By partnering with CoMo Connect, goBEC did not have to build and maintain an expensive video headend, saving potentially millions of dollars. Additionally, partnering with Pinnacle Telecom saved goBEC from having to invest in their own softswitch for voice services.
Residential and business voice services are SIP-based, providing great quality and clarity, Smith noted. Voice provider Pinnacle Telecom, based in Fort Smith, Arkansas, offers wholesale voice services to a number of service providers on a regional basis, including a couple of other electric cooperatives.
Pinnacle Telecom offers IP voice services to its wholesale customers like goBEC through a softswitch, allowing the full range of calling features for both residential and business customers. Through SIP trunking, Pinnacle Telecom can provide quality voice service through both direct managed connections to their service provider customers, or, as in goBEC’s case, across an open unmanaged Internet link.
Partnership has been key to goBEC’s initial success. It has allowed them to focus on building their broadband network and servicing members, while leaning on the expertise and capabilities of partners to deliver key services. In so doing, goBEC has avoided costly network expenses, lessened network management headaches, and got to the market more quickly with a competitive triple play offering. All while getting established and proven voice and video products.
With about 50% of network construction complete, goBEC is well underway with their fiber broadband project. The company offers three service tiers of 250 Mbps, 500 Mbps, and 1 Gbps. The most popular service is the 250 Mbps tier, which starts at $50 per month. All broadband tiers can be bundled with voice and video service. Overall goBEC is seeing about 30% penetration for its services across their territory, and the project is already cash flow positive.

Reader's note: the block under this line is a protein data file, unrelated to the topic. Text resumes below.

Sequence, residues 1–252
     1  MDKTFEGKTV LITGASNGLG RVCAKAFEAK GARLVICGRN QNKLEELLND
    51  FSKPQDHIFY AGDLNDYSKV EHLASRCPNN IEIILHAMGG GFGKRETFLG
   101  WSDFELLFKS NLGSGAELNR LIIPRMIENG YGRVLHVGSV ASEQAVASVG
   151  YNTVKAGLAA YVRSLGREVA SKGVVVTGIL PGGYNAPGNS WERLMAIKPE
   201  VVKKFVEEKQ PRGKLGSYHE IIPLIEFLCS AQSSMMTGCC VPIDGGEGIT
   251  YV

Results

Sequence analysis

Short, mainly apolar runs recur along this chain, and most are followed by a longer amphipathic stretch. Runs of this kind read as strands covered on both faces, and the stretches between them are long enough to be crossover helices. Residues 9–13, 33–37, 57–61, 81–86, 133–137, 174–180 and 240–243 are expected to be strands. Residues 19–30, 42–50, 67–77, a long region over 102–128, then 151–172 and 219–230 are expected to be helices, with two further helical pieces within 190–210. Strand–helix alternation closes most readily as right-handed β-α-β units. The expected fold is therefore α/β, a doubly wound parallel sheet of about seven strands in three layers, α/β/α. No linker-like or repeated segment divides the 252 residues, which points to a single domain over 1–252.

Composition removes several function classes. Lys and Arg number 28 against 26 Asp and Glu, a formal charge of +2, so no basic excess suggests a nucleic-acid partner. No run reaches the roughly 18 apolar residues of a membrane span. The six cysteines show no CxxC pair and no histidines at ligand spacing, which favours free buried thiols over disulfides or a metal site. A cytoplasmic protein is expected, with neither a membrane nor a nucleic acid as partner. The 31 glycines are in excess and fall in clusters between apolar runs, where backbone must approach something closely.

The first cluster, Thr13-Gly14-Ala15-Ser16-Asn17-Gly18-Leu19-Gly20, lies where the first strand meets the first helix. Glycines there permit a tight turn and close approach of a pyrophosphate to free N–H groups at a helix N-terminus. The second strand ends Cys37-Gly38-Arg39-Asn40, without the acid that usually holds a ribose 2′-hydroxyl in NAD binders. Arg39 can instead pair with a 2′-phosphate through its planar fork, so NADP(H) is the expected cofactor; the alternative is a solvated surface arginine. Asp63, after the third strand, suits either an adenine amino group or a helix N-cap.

In rural markets, goBEC is exceeding their business plan projection for take rates. Within larger towns, goBEC is facing stiffer competition, where they face CenturyLink and Mediacom. Both of those competitors saw goBEC coming and began locking customers into longer term contracts. As a result, many potential customers are off limits for a while. But the trending line looks good for goBEC, as they are converting many of those customers as they come out of those long-term contracts.
Smart Grid Opportunities
One key driver for launching a fiber broadband network is the potential for smart grid opportunities. As the network is being constructed BEC is connecting electric grid network elements to their new fiber network. For example, BEC is connecting regulators in the field, giving them the ability to better monitor and manage the load, especially during peak times.
BEC is also currently evaluating smart meter solutions for future deployment. But in the interim, goBEC is able to monitor the fiber network which helps BEC determine where there are power outages or issues. It doesn’t allow them to monitor down to the individual meter yet, as a true smart meter solution will eventually do, but it does allow them to determine geographic locations where power problems may be present, greatly improving their troubleshooting process.